Federal policy makers always seem to be looking for reasons to dodge the difficult choices necessary to avoid the fiscal crisis. This month, they got some new excuses.
First, in mid-May, CBO updated its fiscal outlook, predicting the Fiscal Year 2013 deficit would be $200 billion less than earlier forecast. That’s delightful, but the 10-year forecast remains substantially unchanged. It also remains dismal.
Later in May, the Trustees of Social Security and Medicare made their annual report. It again showed the Social Security Trust Fund going into the red in 2033, at which time, recipients, by law, will take a 23 percent cut in benefits. It also showed the Social Security Disability Trust fund going broke in 2016, with a similar benefit cut of 20 percent. But, Medicare looked a bit better. It does not tank until 2026, two years later than previously forecast. That small improvement was another excuse.
And when the debt ceiling extension ran out on May 19, nobody cared because the Treasury has a little wiggle room. The moment of default has been pushed back until after Labor Day – an eternity in Washington. The later default date was hailed as a positive sign of economic improvement.
Despite these tiny rays of sunshine, all the long-term forecasts remain dismal. The long-term deficit and debt problems have not changed. But, small reasons to refrain from hard choices are never wasted in Washington. Inaction marches on. Neither Congress, nor the President, is conducting any observable negotiations. Nobody wants to fix the debt.
Fiscal fatigue and political recalcitrance have smothered budget negotiations. Even tax reform, an essential element of a comprehensive budget solution, seems now to have been drained of its vitality. Hopes for a “grand bargain” in 2013 have faded. Now the best outcome is to successfully avoid the debt ceiling default.
Having side-stepped the long term problem, both branches and both parties are content to wait until the last moment before worrying about defaulting on the full faith and credit of the United States. For now, political practitioners are giving their attention to assessing their bargaining clout, and predicting election victories, rather than in solving either the long, or short-term fiscal crisis.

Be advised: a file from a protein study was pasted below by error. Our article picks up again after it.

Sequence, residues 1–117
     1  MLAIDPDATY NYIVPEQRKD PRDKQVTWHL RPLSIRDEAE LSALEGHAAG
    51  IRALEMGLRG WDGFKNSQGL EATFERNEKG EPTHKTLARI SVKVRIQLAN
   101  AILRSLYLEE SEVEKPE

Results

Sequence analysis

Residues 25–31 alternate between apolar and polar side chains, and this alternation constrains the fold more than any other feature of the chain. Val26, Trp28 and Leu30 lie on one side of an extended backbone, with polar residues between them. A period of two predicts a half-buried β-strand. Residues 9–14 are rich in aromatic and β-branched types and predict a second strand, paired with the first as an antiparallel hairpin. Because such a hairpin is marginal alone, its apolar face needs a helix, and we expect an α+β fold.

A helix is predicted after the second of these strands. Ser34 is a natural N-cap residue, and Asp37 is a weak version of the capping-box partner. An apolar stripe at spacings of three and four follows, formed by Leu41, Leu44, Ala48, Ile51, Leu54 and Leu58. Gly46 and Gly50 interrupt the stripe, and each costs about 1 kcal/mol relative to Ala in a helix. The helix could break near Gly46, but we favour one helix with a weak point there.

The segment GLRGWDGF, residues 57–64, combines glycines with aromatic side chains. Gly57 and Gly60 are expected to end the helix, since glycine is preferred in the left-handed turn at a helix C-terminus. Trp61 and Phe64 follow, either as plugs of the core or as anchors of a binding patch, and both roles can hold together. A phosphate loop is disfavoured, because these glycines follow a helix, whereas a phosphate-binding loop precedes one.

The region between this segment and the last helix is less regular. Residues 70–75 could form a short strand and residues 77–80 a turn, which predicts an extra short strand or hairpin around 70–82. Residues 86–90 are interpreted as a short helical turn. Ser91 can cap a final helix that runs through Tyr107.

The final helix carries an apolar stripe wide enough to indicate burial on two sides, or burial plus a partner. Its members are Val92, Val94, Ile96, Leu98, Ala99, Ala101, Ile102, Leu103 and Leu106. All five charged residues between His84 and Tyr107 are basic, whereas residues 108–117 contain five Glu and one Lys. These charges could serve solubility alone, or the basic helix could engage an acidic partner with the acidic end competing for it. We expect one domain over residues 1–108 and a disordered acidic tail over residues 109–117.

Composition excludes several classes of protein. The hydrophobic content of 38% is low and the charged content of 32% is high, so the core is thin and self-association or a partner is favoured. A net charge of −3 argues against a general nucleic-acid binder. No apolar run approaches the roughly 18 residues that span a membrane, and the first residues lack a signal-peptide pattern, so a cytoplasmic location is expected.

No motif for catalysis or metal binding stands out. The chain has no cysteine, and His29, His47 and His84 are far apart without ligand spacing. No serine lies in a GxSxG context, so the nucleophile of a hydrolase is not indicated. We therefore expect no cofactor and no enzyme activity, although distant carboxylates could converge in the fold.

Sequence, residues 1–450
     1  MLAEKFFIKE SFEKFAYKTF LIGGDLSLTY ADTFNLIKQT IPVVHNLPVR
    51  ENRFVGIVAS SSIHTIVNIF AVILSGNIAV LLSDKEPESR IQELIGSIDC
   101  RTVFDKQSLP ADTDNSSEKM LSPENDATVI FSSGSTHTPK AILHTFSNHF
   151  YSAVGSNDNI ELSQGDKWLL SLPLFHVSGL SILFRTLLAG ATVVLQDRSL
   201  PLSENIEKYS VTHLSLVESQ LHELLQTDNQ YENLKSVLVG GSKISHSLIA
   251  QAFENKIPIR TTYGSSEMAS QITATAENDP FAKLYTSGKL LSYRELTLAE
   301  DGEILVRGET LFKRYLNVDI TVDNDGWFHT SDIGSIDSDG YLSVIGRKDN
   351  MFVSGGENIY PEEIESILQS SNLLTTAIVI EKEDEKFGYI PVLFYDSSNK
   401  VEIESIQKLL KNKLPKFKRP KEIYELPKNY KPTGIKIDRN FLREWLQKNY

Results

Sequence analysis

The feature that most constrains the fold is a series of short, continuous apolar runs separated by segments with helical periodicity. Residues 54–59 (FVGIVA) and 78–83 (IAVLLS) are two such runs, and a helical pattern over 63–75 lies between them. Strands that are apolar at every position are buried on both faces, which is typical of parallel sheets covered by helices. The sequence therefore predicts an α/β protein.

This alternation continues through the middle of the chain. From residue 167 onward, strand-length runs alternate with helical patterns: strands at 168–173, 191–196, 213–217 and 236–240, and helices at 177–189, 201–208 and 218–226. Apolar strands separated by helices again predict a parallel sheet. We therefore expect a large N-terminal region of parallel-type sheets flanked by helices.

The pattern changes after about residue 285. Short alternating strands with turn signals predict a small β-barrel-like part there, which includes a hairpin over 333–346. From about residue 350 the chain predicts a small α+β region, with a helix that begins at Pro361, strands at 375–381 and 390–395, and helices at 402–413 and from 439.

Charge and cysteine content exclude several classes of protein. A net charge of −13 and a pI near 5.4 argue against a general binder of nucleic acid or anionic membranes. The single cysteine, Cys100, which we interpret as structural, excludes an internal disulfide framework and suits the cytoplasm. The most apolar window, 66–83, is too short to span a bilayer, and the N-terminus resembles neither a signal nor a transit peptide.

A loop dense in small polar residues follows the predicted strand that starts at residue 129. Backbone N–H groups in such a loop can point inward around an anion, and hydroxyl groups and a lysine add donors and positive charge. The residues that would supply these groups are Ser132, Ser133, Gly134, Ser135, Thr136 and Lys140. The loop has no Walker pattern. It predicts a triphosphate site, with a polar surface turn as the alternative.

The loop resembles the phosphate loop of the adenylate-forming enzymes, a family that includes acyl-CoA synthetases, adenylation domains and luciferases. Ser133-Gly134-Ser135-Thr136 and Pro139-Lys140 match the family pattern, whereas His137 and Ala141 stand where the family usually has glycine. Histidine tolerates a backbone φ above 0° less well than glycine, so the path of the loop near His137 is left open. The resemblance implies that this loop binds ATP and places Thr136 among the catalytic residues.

The three budgets (House, Senate and the president’s) are still dueling. There is no apparent negotiation for budget reconciliation in process. The Chairs of the House and Senate Budget Committees meet from time to time, but there is no formal conference committee, and the administration has not expressed concern.
In FY 2013, which closes at the end of September, there was no Congressional budget. Nor has there been one in 5 years. There will certainly be none again this year. Without a budget, the Appropriations Committees of the House and Senate, each following its own budget, will determine federal spending for FY 2014. That will be exciting because the Senate budget assumes away sequestration, while the House budget etches it in stone.
We are thus doomed again to another series of short-term Continuing Resolutions (CRs) to fund federal government operations in FY 2014. Long-term solutions are politically impossible. Our representatives have other priorities. In Washington, politics are more fun, and core constituencies more important, than solutions.
Another debt ceiling mini-crisis will probably be avoided in the fall, but long-term debt will continue to cloud our future. The easy stuff has been done. The sequester made some small progress in limiting discretionary expenses.
On the hard stuff, entitlements and taxes, we are no better off than we were five years ago. The size of the problem, and its dire consequences, have long been common knowledge. The most predictable crisis in history has, as yet, not even generated a good discussion.
Every minute of delay in doing the hard stuff will make its ultimate cost more painful, both for the taxpayers, and for the recipients of federal spending.
So the answer to the question of what ever happened to our fiscal crisis is: little or nothing. The threat has not subsided. It has merely been ignored. The economic albatross of deficit and debt continues to threaten our future.
Sentiment inside the Beltway has turned sharply against China. There are many issues where the two parties sound more or less the same. Trump and others in the administration seem heavily invested in a ‘get very tough with China’ stance. It’s possible that some Democrats might argue that a decoupling strategy borders on lunacy. But if Trump believes this will play well with his core constituencies as his reelection campaign moves into high gear, he will probably decide to stick with it, if the costs and the collateral damage seem manageable. But that’s a very big if, especially if the downsides of a protracted trade war for both American consumers and for American firms become increasingly apparent.